Black boxes are quite commonly known, however, popular culture associates these more with the bright orange devices found in aircraft, rather than than the devices that are used in cars. In reality, these devices are very common in modern vehicles and are an essential tool in fleet tracking and management. Black boxes in cars are data recorders that may be physically installed or downloaded in the form of an app.
Black boxes are essentially recording devices that are designed to be extremely robust, allowing them to survive collisions and most other kinds of incidents a vehicle may be subjected to on the road. This allows them to be used to retrieve essential information that may be used as evidence after a road accident. Car black box devices have grown in popularity over recent years as insurance companies have started adopting them to offer lower insurance premiums.
In this post, the precise nature of a black box for car use and the benefits it provides will be covered.
What is a black box?
In essence, a black box is a tracking and recording device that gathers and transfers data. The specific information that is recorded will differ depending on the black box and the company, but it will continuously record the desired information until removed. That information is typically transmitted over a standard cellular network for more permanent data storage, but in the event of no cellular signal, the box will still record the information and hold on to it until it can transmit.
Perhaps the most well-known feature of these devices is, of course, their durability. Black boxes have a reputation for being indestructible. This is a slight exaggeration, but they are robust enough to survive an overwhelming majority of collisions and road incidents. This trait is essential when dealing with the consequences of road collisions, as the black box will have transmitted the vehicle’s information leading up to the crash, and if the transmission was not possible, it will have the information stored and ready to access.
What is a black box in a car?
Black boxes in cars are, in terms of the purpose they serve, exactly the same as black boxes in aircraft and other types of vehicles. The nature of car use makes the practicality of use of the device marginally different, but a black box for car use is, for all intents and purposes, the same.
Tracking on car: what black boxes record
Modern black boxes are extremely versatile when it comes to the number of things they can track. For example, a black box fitted with an accelerometer can detect harsh driving behaviours, such as accelerating too fast or braking too harshly on a regular basis. It can also record the identification information of the driver if the vehicle has a digital tachograph fitted.
Of course, the core information logged by a GPS black box includes GPS location, speed data and information directly from the vehicle’s reporting system, such as error codes, warning lights and the status of doors and seatbelts. This information can be critical in establishing blame in the event of an accident, and also in determining what happened.
On top of the things mentioned above, black units can also track things such as the following:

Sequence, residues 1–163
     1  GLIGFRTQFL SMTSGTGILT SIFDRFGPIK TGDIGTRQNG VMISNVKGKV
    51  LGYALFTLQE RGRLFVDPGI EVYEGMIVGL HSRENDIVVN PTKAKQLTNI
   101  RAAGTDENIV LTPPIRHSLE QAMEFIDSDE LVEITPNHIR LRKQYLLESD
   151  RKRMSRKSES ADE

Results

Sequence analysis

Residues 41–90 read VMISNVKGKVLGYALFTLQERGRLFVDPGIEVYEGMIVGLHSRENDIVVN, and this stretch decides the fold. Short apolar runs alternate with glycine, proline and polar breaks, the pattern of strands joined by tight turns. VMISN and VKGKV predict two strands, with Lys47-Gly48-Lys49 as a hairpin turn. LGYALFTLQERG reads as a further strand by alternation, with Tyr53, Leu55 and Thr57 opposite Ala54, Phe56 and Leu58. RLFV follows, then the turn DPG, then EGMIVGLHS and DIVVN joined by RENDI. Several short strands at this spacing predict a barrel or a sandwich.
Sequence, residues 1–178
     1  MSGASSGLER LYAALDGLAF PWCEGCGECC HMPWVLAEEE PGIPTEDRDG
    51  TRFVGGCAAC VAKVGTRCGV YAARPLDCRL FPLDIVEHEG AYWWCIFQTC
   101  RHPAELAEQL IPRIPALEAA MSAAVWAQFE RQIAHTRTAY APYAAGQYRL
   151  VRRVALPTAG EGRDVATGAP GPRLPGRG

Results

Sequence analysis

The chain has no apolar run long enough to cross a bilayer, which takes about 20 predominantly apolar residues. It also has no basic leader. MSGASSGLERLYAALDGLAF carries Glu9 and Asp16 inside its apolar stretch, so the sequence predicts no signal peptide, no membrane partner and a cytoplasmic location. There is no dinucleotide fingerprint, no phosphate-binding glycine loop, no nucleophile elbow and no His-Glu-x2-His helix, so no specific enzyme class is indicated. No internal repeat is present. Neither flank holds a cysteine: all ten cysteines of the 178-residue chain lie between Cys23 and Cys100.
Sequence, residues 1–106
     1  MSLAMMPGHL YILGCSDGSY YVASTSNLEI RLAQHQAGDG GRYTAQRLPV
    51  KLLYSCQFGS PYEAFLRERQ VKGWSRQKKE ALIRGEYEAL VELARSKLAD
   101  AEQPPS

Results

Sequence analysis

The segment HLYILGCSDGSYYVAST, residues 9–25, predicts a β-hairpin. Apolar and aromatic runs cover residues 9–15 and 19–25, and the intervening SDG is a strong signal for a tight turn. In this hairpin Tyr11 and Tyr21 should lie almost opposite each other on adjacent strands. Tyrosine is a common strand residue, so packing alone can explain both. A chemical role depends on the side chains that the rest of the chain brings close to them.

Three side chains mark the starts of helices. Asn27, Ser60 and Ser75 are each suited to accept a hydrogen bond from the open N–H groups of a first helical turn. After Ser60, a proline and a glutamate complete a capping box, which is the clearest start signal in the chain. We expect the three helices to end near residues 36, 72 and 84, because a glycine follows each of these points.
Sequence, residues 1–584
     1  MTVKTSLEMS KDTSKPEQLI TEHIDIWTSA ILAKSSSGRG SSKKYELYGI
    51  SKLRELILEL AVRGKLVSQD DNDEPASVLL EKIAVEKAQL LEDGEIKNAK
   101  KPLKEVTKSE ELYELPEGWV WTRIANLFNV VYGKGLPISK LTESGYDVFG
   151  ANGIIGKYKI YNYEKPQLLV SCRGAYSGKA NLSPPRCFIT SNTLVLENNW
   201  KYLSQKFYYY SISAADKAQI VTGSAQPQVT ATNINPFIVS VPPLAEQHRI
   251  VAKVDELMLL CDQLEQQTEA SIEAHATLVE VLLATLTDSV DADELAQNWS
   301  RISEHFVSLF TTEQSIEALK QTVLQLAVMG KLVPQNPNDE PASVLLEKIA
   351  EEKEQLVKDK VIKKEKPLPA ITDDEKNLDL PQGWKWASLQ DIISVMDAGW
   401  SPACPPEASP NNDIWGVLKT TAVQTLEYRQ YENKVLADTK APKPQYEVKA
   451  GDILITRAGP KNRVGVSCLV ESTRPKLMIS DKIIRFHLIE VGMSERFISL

- Trip recordings
- Drive times
- Time on location
- Fuel usage
- Engine load
- Engine temperature
- Cruise control usage
- Vehicle utility
The benefits of a car black box
The benefits of a black box system fitted to fleet cars include:
Driver performance improvements
Drivers are essential to any fleet, but getting the best out of those drivers isn’t always easy. Furthermore, getting the best out of drivers while also instilling a work ethic that includes being responsible toward the vehicles and reducing costs to the company can be even more difficult.
This task can be made easier by addressing problems through training material rather than confronting drivers directly about their driving habits, which can sometimes result in pushback and reluctance to listen. By analysing the data collected by a black box, a company can clearly see where improvement is needed and adjust its training material and policies accordingly.
Improve fuel economy
Another beneficial side effect of improving driver performance is an improvement in fuel economy. Many of the driving habits that are considered bad from a safety perspective and, to a lesser degree, from a public relations perspective, are also bad for fuel economy.
Speeding, accelerating too fast, braking too harshly and so on. All of these things use more fuel than driving safely and sensibly. They also put additional strain on the vehicle, which, in turn, results in increased maintenance costs over the life of the vehicle. Being able to address these issues can save in company costs.
Safety and security
As mentioned above, safety is also improved by addressing some of the more problematic driving behaviours a driver might have. Ensuring that a driver drives at a sensible speed, brakes sensibly and doesn’t exceed reasonable driving hours are all things that lead to a lower risk of accidents resulting from the driver.
Additionally, if an accident does occur, it will be possible to promptly provide the driver with assistance by using the black box’s live location data. It will also be possible to get a much clearer picture of exactly what happened before and during the accident than can be ascertained from mere eyewitnesses.
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